5 comments:

Stabs said...

Are you making an assumption that people who played their first MMO during the last 5 years are generally young?

I wonder just how safe that is. I know people my age (40s) who were technophobe in their 20s but all of them have adopted the technology now. Facebook is full of grandmothers as well as teenagers. It would be interesting to see data but I expect Blizzard sees their demographic data as commercially sensitive.

Bronte said...

You raise a good point, but I think there are two factors that ensure the MMO playing population is primarily adults.

First is the entry barrier you speak of. Yes MMOs are becoming more normalized and easy to get into (hello World of Tanks), but the barriers haven't crumbled like the Berlin Wall. Even age-old behemoths like WoW are easy to start of in (spam one button) and it gets incredibly complex as you approach endgame with abilities, talents, raids, PvP, achievements, world events, transmorgification, daily quests, professions and whatnot.

Second, in order to play most MMOs (even F2P ones), you need access to cash, and unless you can swipe the credit card from your mother's purse and somehow she never notices the $15 payments on the bill, non-adults would have a tough time paying for their favored MMO.

Lexicorro said...

There seems to be more ppl on ffxi these days who are married, have kids etc.

Bhagpuss said...

Interesting. I bought Everquest for myself as a 40th birthday present in 1999. It was my first online game but I'd been playing video games for more than two decades before that and I'd been online since the mid-90s. Mrs Bhagpuss, who's a handful of years younger than me, only had to see me play EQ for an evening before she wanted to play too and we've both been playing ever since.

I think it's a common mistake to assume that only "young" people are interested in or comfortable with IT in general and video games in particular. It seems to be a rolling conceit that no-one over 30 understands video games, which makes little sense given that video games on home computers and consoles formed a major part of mass entertainment for children and teenagers from about 1980 onwards.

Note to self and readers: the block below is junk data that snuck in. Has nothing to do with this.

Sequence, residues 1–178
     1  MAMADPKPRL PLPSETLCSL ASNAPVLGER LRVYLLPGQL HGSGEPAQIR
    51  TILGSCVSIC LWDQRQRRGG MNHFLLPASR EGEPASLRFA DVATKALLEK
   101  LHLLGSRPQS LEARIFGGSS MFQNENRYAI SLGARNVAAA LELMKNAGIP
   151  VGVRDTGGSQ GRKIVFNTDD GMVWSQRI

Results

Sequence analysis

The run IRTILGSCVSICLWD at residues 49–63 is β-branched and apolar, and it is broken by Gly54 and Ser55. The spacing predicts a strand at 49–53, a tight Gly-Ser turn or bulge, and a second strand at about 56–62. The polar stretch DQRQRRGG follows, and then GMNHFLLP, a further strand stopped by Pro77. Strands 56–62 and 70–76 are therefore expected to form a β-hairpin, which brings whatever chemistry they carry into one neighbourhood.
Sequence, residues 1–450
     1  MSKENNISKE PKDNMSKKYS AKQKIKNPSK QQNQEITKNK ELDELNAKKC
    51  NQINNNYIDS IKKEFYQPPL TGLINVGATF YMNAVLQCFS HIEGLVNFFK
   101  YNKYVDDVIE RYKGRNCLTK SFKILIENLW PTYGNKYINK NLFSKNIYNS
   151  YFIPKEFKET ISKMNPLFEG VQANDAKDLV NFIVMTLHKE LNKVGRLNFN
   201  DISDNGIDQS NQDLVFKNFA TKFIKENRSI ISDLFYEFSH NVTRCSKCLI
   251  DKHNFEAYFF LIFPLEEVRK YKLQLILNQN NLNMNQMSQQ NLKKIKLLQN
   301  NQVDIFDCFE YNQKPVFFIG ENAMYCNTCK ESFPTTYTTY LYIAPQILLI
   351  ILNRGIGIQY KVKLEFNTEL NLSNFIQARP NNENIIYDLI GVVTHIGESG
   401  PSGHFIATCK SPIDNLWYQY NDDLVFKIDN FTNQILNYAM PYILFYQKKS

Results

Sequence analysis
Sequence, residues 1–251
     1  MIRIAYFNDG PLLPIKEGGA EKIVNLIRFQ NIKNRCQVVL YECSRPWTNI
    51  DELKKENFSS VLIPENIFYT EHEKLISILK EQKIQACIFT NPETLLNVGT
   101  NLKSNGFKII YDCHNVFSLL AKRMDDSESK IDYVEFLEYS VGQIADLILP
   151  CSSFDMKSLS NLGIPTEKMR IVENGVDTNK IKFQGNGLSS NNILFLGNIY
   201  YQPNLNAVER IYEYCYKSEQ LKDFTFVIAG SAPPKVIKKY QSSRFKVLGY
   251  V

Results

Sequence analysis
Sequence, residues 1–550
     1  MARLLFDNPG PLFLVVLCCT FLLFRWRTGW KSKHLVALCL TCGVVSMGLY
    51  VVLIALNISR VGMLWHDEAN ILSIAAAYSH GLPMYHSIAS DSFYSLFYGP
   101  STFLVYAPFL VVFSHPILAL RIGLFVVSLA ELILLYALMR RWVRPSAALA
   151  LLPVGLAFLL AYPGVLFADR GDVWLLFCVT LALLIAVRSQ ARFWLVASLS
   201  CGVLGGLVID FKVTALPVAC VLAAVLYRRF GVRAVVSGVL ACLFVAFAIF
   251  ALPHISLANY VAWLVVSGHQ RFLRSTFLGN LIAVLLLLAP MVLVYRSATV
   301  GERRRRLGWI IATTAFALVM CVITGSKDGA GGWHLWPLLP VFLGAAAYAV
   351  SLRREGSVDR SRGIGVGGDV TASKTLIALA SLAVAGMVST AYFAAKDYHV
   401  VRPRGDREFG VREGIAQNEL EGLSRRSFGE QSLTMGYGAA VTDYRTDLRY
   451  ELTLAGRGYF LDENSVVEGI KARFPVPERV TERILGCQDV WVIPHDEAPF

I believe that the change from extremely slow and quite expensive dial-up access to very fast and cheap broadband access has more to do with the opening out of the online gaming market than any change in the attitudes or interests of the audience.

hound said...

It was never the fear of technology that kept me from playing online in the nineties, it was a host of other adult issues:

-I was getting paid minimum wage.
-Cable lines were hard to find where I lived.
-My first dial-up experiences were a mess, low FPS, booted every time someone needed to make a call or a call came in (memory is a little fuzzy, but I hated dial-up)
-When cable finally came to my area, I could not afford it.
-Once I could afford cable, my computer was outdated and buggy.
-Somewhere along the way, I needed a credit card (or banking card), which I had been avoiding like a plague for a long time.

The past four years have been the best of my life where computer gaming is concerned.

But, man, it has been an expensive ride to get here.

I'll be 37 years old in March.